I think that the model works reasonably well because yield hungry investors start to pile into reliable dividend paying stocks as soon as the prices dip and the yields automatically rise. This has started to happen this week. Investors have been rewarded because dividends have increased steadily since the recovery began and the market has simply moved up with the dividends to keep the yield relatively constant.
Risks to the Model - I have consistently said that there were two things which could derail the model. The first of these is higher interest rates. If rates increase, yield hungry investors will migrate to bonds and will "insist" on higher yields from equities by driving equity prices down to produce those yields. The second risk is a disruption of the pattern of higher dividends through either actual dividend declines or a cessation of dividend increases.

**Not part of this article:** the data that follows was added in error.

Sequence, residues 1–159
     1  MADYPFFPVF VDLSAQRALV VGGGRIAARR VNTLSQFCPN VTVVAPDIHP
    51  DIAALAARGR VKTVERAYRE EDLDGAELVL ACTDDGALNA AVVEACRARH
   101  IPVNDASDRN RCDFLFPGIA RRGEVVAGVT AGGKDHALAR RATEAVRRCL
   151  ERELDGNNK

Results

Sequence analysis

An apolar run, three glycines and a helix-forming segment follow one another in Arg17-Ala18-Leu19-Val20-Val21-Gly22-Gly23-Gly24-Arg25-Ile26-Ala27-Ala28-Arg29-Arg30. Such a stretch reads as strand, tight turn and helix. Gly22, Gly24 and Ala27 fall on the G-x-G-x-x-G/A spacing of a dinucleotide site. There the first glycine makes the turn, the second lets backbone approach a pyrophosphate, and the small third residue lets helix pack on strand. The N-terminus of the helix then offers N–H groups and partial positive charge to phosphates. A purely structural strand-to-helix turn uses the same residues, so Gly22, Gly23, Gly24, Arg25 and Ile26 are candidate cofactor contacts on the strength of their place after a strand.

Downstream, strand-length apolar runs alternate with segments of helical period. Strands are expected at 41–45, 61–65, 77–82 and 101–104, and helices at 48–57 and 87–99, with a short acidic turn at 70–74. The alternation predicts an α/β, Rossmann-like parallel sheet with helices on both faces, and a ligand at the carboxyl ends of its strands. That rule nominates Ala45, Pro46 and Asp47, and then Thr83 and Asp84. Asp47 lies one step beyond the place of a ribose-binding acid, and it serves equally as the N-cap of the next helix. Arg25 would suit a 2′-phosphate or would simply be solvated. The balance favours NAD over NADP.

Interest Rates - After some 6 years, the Federal Reserve finally raised short term rates in December. It is unclear whether or not this will disrupt the model. Long term rates (rates on 10 and 30 year Treasuries) are now actually at some of the lowest levels since the Crash. Put another way, investors have had lots of opportunities to desert equities and earn much higher risk free interest rates on bonds over the past 7 years than are available now. In the past, investors have tended to switch back to stocks when the yield on the Index reached 2.2% even though the interest rate on 10 year Treasury bonds was much higher than it is now. I added the "new fair value" numbers to the table to reflect the possibility that the model will reset based on higher short term rates, but I do not think that this is actually what will happen. The higher short term rates have not produced yield opportunities in bonds which really compete with stocks at the current equity price levels. A recent commentator pointed out that some two thirds of the stocks in the Index have dividend yields higher than the interest rates on 10 year Treasuries.